Cymbeline ★★★☆☆

cymbeline (Custom)

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Title: Cymbeline
Author: William Shakespeare
Rating: 3 of 5 Stars
Genre: Play
Pages: 272
Words: 79K




From Wikipedia

Cymbeline, the Roman Empire’s vassal king of Britain, once had two sons, Guiderius and Arvirargus, but they were stolen twenty years earlier as infants by an exiled traitor named Belarius. Cymbeline discovers that his only child left, his daughter Imogen (or Innogen), has secretly married her lover Posthumus Leonatus, a member of Cymbeline’s court. The lovers have exchanged jewellery as tokens: Imogen with a bracelet, and Posthumus with a ring. Cymbeline dismisses the marriage and banishes Posthumus since Imogen — as Cymbeline’s only child — must produce a fully royal-blooded heir to succeed to the British throne. In the meantime, Cymbeline’s Queen is conspiring to have Cloten (her cloddish and arrogant son by an earlier marriage) married to Imogen to secure her bloodline. The Queen is also plotting to murder both Imogen and Cymbeline, procuring what she believes to be deadly poison from the court doctor. The doctor, Cornelius, is suspicious and switches the poison with a harmless sleeping potion. The Queen passes the “poison” along to Pisanio, Posthumus and Imogen’s loving servant — the latter is led to believe it is a medicinal drug. No longer able to be with her banished Posthumus, Imogen secludes herself in her chambers, away from Cloten’s aggressive advances.

Posthumus must now live in Italy, where he meets Iachimo (or Giacomo), who challenges the prideful Posthumus to a bet that he, Iachimo, can seduce Imogen, whom Posthumus has praised for her chastity, and then bring Posthumus proof of Imogen’s adultery. If Iachimo wins, he will get Posthumus’s token ring. If Posthumus wins, not only must Iachimo pay him but also fight Posthumus in a duel with swords. Iachimo heads to Britain where he aggressively attempts to seduce the faithful Imogen, who sends him packing. Iachimo then hides in a chest in Imogen’s bedchamber and, when the princess falls asleep, emerges to steal from her Posthumus’s bracelet. He also takes note of the room, as well as the mole on Imogen’s partly naked body, to be able to present false evidence to Posthumus that he has seduced his bride. Returning to Italy, Iachimo convinces Posthumus that he has successfully seduced Imogen. In his wrath, Posthumus sends two letters to Britain: one to Imogen, telling her to meet him at Milford Haven, on the Welsh coast; the other to the servant Pisanio, ordering him to murder Imogen at the Haven. However, Pisanio refuses to kill Imogen and reveals to her Posthumus’s plot. He has Imogen disguise herself as a boy and continue to Milford Haven to seek employment. He also gives her the Queen’s “poison”, believing it will alleviate her psychological distress. In the guise of a boy, Imogen adopts the name “Fidele”, meaning “faithful”.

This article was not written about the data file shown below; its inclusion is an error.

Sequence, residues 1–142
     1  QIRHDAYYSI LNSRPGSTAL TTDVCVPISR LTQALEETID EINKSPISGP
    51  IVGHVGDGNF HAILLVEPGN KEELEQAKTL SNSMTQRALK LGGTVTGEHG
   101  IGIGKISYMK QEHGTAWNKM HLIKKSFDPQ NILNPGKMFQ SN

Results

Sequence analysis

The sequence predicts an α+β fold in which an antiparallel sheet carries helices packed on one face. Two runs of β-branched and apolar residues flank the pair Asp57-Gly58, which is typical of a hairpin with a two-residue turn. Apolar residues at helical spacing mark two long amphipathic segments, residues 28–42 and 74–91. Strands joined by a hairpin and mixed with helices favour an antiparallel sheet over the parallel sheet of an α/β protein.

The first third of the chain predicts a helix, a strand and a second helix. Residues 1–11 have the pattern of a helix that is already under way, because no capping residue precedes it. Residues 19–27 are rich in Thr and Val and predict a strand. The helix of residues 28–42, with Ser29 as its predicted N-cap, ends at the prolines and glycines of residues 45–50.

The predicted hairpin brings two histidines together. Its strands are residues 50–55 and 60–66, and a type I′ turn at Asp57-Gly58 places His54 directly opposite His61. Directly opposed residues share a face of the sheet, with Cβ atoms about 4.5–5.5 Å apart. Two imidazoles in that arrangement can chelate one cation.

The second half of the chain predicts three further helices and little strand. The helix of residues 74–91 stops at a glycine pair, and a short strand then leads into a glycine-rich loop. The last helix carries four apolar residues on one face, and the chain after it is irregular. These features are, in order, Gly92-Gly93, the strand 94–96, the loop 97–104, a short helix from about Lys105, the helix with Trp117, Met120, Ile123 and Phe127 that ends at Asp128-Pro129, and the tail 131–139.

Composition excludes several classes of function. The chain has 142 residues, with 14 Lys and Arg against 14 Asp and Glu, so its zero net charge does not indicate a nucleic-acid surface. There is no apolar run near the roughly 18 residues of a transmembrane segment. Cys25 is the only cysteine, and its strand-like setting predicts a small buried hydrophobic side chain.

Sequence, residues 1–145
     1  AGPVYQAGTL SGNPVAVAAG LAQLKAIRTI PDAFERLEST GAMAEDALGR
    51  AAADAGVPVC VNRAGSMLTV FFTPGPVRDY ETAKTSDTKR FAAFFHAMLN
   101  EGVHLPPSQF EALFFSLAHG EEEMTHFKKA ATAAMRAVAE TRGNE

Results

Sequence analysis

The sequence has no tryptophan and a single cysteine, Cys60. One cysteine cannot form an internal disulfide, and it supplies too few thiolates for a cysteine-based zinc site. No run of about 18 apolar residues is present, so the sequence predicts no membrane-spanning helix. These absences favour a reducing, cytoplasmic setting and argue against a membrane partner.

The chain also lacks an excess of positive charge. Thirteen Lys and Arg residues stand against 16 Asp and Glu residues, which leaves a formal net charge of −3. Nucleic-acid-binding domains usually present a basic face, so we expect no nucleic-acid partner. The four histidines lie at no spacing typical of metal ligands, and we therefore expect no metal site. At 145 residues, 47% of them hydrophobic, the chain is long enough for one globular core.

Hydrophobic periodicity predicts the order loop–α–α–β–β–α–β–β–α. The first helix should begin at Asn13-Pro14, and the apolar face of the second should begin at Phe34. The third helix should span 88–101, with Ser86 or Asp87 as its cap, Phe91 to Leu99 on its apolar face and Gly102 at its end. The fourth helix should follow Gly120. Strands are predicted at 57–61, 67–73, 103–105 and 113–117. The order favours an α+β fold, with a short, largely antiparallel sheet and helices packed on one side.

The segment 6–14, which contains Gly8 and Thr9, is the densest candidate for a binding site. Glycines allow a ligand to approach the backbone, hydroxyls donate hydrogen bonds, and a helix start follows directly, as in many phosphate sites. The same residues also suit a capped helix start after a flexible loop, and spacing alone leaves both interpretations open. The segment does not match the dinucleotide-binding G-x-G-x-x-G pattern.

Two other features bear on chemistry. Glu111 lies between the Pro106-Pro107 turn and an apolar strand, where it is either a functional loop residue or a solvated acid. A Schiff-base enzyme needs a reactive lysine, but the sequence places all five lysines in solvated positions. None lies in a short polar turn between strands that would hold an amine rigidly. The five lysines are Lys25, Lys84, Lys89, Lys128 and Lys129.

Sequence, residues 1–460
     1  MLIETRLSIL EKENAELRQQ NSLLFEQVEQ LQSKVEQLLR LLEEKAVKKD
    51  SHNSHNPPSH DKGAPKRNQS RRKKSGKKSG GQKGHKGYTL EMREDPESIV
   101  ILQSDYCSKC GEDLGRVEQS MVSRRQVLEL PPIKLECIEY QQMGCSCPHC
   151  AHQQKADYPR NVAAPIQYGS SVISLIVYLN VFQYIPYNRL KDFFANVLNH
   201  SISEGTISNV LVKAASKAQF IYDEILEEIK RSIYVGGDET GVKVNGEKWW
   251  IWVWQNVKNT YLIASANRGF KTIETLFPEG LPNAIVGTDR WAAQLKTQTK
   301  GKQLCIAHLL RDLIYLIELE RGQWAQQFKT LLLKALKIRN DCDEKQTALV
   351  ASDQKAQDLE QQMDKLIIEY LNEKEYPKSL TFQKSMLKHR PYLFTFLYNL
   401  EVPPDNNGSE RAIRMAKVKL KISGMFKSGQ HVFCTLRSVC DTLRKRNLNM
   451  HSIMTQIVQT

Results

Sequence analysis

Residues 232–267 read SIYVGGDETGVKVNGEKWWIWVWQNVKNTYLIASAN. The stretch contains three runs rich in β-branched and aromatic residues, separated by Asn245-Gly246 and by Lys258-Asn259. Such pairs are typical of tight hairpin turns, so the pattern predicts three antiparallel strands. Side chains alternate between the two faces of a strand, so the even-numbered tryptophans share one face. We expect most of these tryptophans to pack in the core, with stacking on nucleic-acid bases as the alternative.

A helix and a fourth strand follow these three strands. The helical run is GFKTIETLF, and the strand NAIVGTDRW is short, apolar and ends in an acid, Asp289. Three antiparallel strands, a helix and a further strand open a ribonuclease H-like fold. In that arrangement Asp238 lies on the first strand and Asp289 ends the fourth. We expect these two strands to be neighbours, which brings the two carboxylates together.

Back at Cymbeline’s court, Cymbeline refuses to pay his British tribute to the Roman ambassador Caius Lucius, and Lucius warns Cymbeline of the Roman Emperor’s forthcoming wrath, which will amount to an invasion of Britain by Roman troops. Meanwhile, Cloten learns of the “meeting” between Imogen and Posthumus at Milford Haven. Dressing himself enviously in Posthumus’s clothes, he decides to go to Wales to kill Posthumus, and then rape, abduct, and marry Imogen. Imogen has now been travelling as “Fidele” through the Welsh mountains, her health in decline as she comes to a cave: the home of Belarius, along with his “sons” Polydore and Cadwal, whom he raised into great hunters. These two young men are in fact the British princes Guiderius and Arviragus, who themselves do not realise their own origin. The men discover “Fidele”, and, instantly captivated by a strange affinity for “him”, become fast friends. Outside the cave, Guiderius is met by Cloten, who throws insults, leading to a sword fight during which Guiderius beheads Cloten. Meanwhile, Imogen’s fragile state worsens and she takes the “poison” as a hopeful medicine; when the men re-enter, they find her “dead.” They mourn and, after placing Cloten’s body beside hers, briefly depart to prepare for the double burial. Imogen awakes to find the headless body, and believes it to be Posthumus due to the fact the body is wearing Posthumus’ clothes. Lucius’ Roman soldiers have just arrived in Britain and, as the army moves through Wales, Lucius discovers the devastated “Fidele”, who pretends to be a loyal servant grieving for his killed master; Lucius, moved by this faithfulness, enlists “Fidele” as a pageboy.